Sprained my ankle dancing the night away while celebrating in Nashville, Tennessee. Slipped in my heels!
Requirement: Lay flat, no movement for 40+ minutes What happened: I kept feeling the moisture build up around my foot, making my foot slide Fixer: After reminding me a handful of times I needed to stop moving, I admitted I needed a towel because my foot kept slipping from my sweaty feet. Lifestyle change: My ankle was swollen, so I was unable to wear my sneakers. I had to wrap my ankle everyday. The rubbing of the ankle brace and my sweat caused water blisters. I also had to wear sandals.Yet, because my feet were so sweaty my feet continued to slip out of them.
While playing goalie during a co-ed soccer game, I blocked a shot and it broke my wrist!
Requirement: Quick, movement of hand to obtain many viewpoints of injured area What happened: Many puddles were made. Fixer: I was unable to use a towel, so I disclosed to the X-ray tech my sweaty situation. While in the cast, I picked up an old hobby of painting to entertain my bored/restricted self. Lifestyle change: I had to wear a cast. Casts are not supposed to get wet on the outside, let alone the inside. I also had to be cautious of infections due to the pins placed in my wrist during surgery. Moisture trapped in my cast made me more prone to infection. Therefore, I refrained from exercise and known triggers of sweat. Due to a contraindication, I was unable to take my sweaty oral medication with the narcotics I was prescribed for pain. I maintained my sweat by having a large fan blowing into my cast. Also, I was unable to work or drive.
The support of my family was KEY! They helped me comb my hair in the morning, shave my armpits, button/zip my pants up, and much more!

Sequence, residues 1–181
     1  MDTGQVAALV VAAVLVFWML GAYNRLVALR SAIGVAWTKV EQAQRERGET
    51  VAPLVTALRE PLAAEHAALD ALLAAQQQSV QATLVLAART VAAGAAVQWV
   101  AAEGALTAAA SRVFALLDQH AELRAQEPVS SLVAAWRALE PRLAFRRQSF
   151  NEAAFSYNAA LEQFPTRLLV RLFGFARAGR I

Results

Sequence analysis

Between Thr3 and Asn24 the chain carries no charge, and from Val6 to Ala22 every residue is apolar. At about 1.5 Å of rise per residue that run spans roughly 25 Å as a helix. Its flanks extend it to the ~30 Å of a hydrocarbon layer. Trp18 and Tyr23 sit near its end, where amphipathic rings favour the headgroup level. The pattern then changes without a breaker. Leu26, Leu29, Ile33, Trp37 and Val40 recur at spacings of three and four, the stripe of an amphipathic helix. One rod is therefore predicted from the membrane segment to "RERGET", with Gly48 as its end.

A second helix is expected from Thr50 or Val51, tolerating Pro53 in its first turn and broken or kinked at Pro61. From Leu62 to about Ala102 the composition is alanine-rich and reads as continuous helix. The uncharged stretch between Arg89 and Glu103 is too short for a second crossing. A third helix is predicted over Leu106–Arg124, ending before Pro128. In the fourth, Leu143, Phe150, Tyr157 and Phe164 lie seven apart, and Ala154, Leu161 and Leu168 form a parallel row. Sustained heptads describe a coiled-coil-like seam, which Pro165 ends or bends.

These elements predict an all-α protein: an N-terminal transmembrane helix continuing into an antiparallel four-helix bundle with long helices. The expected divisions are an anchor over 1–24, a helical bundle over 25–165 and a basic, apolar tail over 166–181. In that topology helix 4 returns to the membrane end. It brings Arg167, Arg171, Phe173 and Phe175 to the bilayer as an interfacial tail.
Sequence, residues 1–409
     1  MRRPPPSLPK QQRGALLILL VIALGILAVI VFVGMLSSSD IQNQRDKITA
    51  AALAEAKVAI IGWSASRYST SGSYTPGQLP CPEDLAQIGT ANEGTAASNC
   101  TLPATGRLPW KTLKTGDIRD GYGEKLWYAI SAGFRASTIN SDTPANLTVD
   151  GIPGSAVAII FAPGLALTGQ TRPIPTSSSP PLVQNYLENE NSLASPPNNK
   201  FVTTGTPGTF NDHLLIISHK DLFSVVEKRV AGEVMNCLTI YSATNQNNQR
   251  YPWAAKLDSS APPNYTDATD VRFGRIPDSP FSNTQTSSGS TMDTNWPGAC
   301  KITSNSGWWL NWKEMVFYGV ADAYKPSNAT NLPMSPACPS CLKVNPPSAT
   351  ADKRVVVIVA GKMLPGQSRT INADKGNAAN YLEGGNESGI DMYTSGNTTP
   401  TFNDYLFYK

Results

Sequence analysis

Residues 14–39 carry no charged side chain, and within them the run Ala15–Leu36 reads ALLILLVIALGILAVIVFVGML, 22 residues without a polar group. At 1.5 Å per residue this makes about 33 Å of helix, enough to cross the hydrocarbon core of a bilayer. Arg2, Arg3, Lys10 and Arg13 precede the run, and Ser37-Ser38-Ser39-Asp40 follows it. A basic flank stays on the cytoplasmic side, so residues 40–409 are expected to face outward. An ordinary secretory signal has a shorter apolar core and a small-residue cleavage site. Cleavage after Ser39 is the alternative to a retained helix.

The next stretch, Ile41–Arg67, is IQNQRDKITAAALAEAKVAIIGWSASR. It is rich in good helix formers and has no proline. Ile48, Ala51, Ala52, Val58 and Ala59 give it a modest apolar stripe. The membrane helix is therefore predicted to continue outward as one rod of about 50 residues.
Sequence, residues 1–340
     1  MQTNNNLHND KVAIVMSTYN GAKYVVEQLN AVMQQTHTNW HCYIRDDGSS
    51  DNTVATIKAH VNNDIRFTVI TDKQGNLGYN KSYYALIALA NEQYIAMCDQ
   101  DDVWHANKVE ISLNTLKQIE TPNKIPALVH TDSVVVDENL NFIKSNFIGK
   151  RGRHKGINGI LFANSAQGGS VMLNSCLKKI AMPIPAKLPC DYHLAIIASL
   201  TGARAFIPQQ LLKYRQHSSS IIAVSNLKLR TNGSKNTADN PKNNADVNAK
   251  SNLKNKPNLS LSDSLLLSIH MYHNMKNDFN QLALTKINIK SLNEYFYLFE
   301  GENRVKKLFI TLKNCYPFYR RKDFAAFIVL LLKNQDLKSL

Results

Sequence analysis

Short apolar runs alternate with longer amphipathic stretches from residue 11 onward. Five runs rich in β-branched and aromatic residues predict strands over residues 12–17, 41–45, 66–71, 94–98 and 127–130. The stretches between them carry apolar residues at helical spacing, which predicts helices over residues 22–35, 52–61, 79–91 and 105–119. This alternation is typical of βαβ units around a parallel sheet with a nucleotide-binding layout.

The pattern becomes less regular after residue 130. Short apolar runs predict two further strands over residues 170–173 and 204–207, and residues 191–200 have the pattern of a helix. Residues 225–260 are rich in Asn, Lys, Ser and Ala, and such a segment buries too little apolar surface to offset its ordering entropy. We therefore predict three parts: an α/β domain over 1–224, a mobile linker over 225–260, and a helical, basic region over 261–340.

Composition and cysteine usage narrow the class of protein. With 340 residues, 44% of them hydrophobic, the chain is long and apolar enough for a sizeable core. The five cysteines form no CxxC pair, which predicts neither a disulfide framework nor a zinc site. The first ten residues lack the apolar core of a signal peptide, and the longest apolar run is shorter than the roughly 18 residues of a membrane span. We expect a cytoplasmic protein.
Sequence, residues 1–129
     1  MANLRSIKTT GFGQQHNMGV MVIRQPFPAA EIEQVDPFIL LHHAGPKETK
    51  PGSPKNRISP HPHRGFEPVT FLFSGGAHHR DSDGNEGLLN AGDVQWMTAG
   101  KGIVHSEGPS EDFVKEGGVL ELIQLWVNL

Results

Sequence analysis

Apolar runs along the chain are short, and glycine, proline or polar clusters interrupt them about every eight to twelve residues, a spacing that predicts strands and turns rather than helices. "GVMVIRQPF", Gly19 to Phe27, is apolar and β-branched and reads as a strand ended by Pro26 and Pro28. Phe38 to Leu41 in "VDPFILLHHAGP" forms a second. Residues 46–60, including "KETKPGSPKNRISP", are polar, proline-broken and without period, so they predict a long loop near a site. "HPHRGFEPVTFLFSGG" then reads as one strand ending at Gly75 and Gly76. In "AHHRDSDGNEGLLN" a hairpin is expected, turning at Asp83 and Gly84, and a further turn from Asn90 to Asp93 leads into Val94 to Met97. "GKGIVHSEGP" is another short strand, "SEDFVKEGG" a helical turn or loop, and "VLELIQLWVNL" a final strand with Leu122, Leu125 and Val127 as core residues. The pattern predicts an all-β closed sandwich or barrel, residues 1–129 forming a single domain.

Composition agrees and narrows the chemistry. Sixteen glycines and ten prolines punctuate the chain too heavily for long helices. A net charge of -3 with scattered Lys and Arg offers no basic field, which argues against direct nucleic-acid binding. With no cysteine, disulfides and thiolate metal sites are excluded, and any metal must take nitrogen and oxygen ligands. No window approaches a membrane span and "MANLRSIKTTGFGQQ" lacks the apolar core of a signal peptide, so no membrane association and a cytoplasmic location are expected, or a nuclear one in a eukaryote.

As a result of wearing a cast for 6 weeks, I had reduced mobility in my hand and wrist. Occupational Therapy assisted this phase to regain function.
Requirement: 1 hour every week with an Occupational Therapist. They performed manual exercises that pushed, pulled, and bent my hand, fingers, and wrist. I had to spend a few hours a day doing these on my own. I also had to practice functional activities (turning a door knob, holding a utensil, wiping my booty, lifting a coffee cup)
What happened: I cried a lot at home and during therapy. Being consistent with my exercises was necessary and painful. I stopped using the narcotic after two weeks because I started to have dependency on it for sleep. Once I stopped the pain medication, I was able to take my sweaty oral medication. Unfortunately, it didn't always help reduce my sweat when I wanted it to (during occupational therapy) Fixer: I reminded myself this was temporary. Finding additional outlets like painting was helpful to focus my energy in a positive way. I disclosed my sweaty situation to my Occupational Therapists because my sweat would not allow for the grip/resistance they needed for an exercise. From that point forward many TOWELS were used to assist!
Lifestyle change: It was difficult for me to understand that it would take time for my body to regain muscle and strength to lift myself off of the floor. It opened my eyes to the various avenues of stress relief (before I depended on physical workouts but now I was unable to do that).
Most importantly, I learned how to ask for help and how to be honest about what I need. Towels made such a huge impact on my ability to feel comfortable and perform as needed. It is also imperative to surround yourself with people who are willing to listen and be supportive.
To regain function on my hand, I had to expose my sweat to so many people. It made me feel extremely vulnerable and weak but ultimately gave me the opportunity to embrace a part of me I always hid.